Tuesday, March 23, 2010

Lost, "Ab Aeterno": The man behind the shackles

A review of tonight's "Lost" coming up just as soon as you fetch me some blankets...
"You've suffered enough, Ricardo." -Isabella
It's been almost three years since "The Man Behind the Curtain" aired and viewers saw that Richard Alpert doesn't appear to age. In the ensuing time, the question about why he doesn't has shot to the top of the "Lost" Mysteries That Must Be Solved list - basically the opposite of "where did Jack get those bitchin' tattoos?" - and anticipation built and built for the Richard flashback episode we all knew we'd get sooner or later(*).

(*) Or, at least, we all knew it once CBS canceled Cane and the "Lost" producers were able to lock down Nestor Carbonell's services for these last two seasons. Imagine how annoyed we'd all be if "Cane" had succeeded, and not just because "Cane" sucked.

In other words, "Ab Aetern" had a lot to live up to - maybe more than any episode we're going to get this season other than the finale itself.

And it absolutely lived up to my expectations.

On one level, it answered a whole bunch of "Lost" questions, some long-standing, some relatively recent but crucial:

• Why doesn't Richard age? Because he asked Jacob for that gift to avoid eternal damnation after Jacob couldn't resurrect his wife or absolve him of his sins.

• How did the statue crumble into a four-toed foot? The Black Rock smashed it to pieces on its journey into the island.

• How did the Black Rock wind up in the middle of the jungle? Because Jacob whipped up one hell of a storm to make sure it landed on the island and couldn't leave.

• What's this game that Jacob and Smokey are playing? Jacob - while playing jailkeeper to the evil that Smokey represents (with the island as "the cork in the bottle") - is trying to prove Smokey wrong in his belief that man is inherently prone to sin, and so brings people to the island to perform in one morality play after another.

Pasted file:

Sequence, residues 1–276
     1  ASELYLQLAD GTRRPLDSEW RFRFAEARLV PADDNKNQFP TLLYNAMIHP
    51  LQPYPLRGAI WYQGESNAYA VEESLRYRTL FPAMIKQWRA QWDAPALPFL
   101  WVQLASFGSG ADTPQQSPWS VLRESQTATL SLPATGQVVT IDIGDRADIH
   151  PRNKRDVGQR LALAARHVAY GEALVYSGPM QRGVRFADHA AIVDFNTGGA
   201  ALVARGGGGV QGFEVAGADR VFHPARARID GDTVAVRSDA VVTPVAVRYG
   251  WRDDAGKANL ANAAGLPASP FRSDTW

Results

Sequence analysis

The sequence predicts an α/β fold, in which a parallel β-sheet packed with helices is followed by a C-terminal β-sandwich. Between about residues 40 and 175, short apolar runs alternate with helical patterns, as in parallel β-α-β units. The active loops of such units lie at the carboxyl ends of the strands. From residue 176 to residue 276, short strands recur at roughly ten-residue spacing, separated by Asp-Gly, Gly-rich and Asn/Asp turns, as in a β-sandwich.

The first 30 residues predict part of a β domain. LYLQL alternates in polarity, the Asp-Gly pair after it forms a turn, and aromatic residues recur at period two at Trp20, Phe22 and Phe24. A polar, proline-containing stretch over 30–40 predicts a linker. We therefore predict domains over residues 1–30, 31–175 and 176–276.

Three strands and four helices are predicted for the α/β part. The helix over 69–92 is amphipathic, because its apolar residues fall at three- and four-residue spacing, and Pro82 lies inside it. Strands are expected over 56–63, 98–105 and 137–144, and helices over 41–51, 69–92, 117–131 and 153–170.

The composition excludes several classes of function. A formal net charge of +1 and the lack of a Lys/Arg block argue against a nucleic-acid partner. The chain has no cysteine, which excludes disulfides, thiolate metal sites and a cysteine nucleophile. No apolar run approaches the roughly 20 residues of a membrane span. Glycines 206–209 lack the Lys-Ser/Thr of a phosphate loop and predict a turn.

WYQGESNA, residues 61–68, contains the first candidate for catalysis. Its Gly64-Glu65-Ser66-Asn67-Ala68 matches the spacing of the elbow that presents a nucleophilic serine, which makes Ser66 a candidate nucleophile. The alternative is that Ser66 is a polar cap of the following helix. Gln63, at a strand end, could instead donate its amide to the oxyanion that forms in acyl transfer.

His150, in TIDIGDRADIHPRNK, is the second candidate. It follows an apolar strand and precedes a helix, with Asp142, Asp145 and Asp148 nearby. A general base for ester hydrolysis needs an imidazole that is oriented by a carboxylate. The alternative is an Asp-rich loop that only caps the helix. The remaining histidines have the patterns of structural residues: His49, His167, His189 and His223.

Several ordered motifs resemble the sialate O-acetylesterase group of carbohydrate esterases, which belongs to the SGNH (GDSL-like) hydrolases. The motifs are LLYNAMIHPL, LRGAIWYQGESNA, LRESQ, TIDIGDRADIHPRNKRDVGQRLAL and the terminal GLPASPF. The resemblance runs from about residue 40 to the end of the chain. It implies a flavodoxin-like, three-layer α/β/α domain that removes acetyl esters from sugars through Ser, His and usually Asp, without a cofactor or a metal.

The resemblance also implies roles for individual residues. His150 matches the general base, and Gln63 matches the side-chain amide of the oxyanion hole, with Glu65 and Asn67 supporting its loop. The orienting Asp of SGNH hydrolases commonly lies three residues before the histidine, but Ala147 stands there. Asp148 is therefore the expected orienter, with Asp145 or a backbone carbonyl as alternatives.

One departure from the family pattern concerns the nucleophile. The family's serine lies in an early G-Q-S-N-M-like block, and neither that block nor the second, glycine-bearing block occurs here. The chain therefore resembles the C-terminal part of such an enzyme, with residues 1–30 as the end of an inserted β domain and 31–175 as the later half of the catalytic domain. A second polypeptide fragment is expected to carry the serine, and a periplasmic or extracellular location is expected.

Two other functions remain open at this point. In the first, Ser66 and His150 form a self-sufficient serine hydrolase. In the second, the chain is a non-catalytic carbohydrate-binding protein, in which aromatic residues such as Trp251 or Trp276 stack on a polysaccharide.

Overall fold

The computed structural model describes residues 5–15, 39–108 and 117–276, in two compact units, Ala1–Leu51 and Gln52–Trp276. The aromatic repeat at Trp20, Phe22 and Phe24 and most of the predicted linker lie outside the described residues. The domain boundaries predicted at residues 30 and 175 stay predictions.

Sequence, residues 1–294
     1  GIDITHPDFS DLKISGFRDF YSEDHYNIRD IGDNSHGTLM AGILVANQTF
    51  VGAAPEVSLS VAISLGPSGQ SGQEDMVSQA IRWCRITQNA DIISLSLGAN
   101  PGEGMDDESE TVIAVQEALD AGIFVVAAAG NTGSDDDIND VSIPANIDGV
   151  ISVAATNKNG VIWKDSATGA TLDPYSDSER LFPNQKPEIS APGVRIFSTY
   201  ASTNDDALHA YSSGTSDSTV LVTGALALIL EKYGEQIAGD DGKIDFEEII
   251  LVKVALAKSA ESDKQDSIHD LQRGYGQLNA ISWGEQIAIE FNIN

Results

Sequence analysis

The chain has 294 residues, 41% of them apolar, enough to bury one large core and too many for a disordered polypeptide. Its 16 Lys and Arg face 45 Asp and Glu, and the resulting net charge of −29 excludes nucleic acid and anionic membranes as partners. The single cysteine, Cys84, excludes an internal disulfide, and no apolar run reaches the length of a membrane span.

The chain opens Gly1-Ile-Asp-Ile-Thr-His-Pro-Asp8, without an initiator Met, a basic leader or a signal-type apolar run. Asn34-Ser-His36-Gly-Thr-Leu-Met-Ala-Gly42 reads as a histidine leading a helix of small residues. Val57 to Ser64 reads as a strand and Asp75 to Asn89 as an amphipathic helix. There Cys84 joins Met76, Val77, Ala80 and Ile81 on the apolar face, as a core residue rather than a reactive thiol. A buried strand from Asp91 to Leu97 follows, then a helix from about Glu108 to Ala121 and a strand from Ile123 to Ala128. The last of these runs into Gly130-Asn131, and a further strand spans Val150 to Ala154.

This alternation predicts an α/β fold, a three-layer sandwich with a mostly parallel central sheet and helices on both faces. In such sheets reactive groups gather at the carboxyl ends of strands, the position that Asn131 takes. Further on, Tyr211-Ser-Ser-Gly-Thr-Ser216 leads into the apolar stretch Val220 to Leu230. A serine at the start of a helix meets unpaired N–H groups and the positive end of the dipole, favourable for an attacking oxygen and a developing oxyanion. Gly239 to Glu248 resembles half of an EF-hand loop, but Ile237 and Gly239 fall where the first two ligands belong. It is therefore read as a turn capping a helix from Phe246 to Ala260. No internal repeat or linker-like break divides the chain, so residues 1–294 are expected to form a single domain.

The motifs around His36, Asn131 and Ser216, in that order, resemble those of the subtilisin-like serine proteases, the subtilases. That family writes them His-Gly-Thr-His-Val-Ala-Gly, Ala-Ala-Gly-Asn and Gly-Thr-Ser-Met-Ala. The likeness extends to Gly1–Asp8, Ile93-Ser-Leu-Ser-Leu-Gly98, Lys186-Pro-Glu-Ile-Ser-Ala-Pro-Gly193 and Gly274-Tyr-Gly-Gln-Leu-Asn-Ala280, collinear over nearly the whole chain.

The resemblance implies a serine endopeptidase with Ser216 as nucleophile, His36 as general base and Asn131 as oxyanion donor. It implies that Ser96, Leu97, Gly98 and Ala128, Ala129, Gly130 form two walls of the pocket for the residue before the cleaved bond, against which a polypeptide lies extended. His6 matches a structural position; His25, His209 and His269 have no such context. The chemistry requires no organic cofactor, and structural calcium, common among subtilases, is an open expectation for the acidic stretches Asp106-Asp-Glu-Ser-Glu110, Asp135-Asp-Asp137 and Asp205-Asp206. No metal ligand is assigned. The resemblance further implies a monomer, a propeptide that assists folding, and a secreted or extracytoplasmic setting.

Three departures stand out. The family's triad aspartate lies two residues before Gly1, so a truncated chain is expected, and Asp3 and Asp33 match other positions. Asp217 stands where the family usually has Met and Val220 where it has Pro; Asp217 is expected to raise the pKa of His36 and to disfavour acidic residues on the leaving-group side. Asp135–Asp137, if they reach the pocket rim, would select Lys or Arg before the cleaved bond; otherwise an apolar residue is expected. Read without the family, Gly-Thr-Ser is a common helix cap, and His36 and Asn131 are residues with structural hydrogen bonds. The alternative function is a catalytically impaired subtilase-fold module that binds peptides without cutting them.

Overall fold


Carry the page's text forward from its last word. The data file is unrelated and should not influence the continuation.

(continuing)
• If this whole series has just been one elaborate game between two immortal god-like creatures, why should we care about any action the characters take? Because Jacob is a hands-off deity who believes in free will for all those he brings to the island (as he told Ben before he killed him, "You have a choice"). So whatever actions Jacob took on the mainland to steer them here, what we've seen Jack and Locke and the rest actually do on Craphole Island has been entirely their own doing. (And that in turn takes away one of my big concerns about this final season.)

But if "Ab Aeterno" was just a checklist of answers, it would have been a fairly inert outing (as I've found some previous mythology-intensive episodes like season four's "Cabin Fever").

What made this one a highlight not only of the final season, but of the series' entire run, was what made "Lost" so compelling at the beginning, before hatches and fertility experiments and time-traveling Scotsmen and the rest of the mythology (which I really do like): it was both a great character piece and a white-knuckle thriller.

Carbonell (who once upon a time was known only as The Guy With the Funny Accent on "Suddenly Susan") owned this episode just as much as Michael Emerson did "Dr. Linus" or Terry O'Quinn did "The Life and Death of Jeremy Bentham." For three-plus seasons, Richard's been the serene, all-knowing man of mystery, and Carbonell was superb at showing both a cracked, suicidal Richard who has decided he actually knows nothing, and then at showing the very human man he was before Jacob made him immortal. Like "The Constant" (another "Lost" all-timer), we had a time-spanning romance, and if it wasn't one with quite the happy ending that Desmond and Penny got (for now), at least Ricardo finally got a proper goodbye from his beloved Isabella, and her love renewed his belief that he chose the right side of this conflict all those decades ago.